Finding inspiration for new songs is arguably the most difficult thing about working in the world of music, but what if you could use everyday things to inspire you? There are many ways of doing this but how can you act on them?
Look at Popular Culture
Many great songs have been written about popular culture like movies and TV shows. 1998’s novelty hit titled “Doctorin’ the Tardis” by The Timelords was based on the theme music from Doctor Who and was massively successful. 1995’s “Breakfast at Tiffany’s” by Deep Blue Something was another hit although it only really mentions the 1961 movie in passing.
Other songwriters have found inspiration in classic games like bingo, which has been featured in songs including “Friday Night At The Drive-In Bingo” by Jens Lekman and “Bingo My Love” by Cleopatra. With bingo, now even more mainstream after going online and diversifying, it’s easy to see how more bands could be inspired by it. The current range of games is divided into rooms with unique themes, meaning that it’s easy to get started if you’re looking to learn about bingo for inspiration purposes.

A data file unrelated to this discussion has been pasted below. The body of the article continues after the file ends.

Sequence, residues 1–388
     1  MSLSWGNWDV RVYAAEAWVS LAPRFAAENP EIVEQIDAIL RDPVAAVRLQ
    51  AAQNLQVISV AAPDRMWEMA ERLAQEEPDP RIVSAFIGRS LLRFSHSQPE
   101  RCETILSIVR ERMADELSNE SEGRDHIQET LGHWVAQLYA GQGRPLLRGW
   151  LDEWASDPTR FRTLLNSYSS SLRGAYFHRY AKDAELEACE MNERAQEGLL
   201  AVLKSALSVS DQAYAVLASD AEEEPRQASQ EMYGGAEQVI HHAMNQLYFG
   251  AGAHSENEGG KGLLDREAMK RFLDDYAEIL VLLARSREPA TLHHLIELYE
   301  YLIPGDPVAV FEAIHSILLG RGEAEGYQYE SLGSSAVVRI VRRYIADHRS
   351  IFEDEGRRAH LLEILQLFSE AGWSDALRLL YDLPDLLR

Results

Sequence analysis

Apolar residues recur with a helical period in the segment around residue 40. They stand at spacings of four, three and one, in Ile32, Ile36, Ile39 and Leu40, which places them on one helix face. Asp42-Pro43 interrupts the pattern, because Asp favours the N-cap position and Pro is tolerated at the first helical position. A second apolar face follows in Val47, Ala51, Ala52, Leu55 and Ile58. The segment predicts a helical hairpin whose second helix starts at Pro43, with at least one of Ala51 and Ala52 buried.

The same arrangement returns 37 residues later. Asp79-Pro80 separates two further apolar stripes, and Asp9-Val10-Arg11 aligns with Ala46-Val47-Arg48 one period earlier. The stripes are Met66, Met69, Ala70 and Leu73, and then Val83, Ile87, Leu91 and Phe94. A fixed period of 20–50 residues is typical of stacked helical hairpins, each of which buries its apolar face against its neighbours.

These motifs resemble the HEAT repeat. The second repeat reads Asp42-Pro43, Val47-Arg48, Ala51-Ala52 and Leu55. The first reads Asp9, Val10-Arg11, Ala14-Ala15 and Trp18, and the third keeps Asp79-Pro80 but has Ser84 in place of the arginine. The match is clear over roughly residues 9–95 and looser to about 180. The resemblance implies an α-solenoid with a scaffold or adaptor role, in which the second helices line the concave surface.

Books have also helped many songwriters find something that they want to write about. Metallica is mentioned several times on this list of songs inspired by books, as they’ve leaned heavily on HP Lovecraft, Stephen King, and several war books for some of their most famous lyrics. Meanwhile, Sting has pointed out that The Police’s “Don’t Stand So Close To Me” was at least partly inspired by the characters in Lolita.
Think About the Things That You Enjoy
What if you enjoy something else that we’ve not covered so far? The good news is that great songwriters have always drawn on many diverse areas of life, with the inspiration not always being obvious in the finished song. If you enjoy something then there’s nothing to stop you from starting to write a song about it and seeing where it takes you.
A long-lost arcade game was the subject of Frank Black’s “Whatever Happened to Pong?” Another example comes from “Pinball Wizard” by The Who, which is based on a “deaf, dumb and blind kid” who’s a pinball champion. It was written by Pete Townshend, who later claimed that it was one of the worst songs he had written, but perhaps its huge success may be due to being based on a game we all know and can relate to.
This look at songs based on hobbies includes efforts about making music, taking photos and flying kites, so no activity is too mundane to get a song. Of course, it can be as direct or as subtle as you like, meaning that you get to choose whether you directly reference the hobby or if you prefer to keep it vague so that listeners need to work out what it’s about.
These are just a few of the topics that could inspire you, as the world is filled with song ideas waiting for you to discover them and write about them.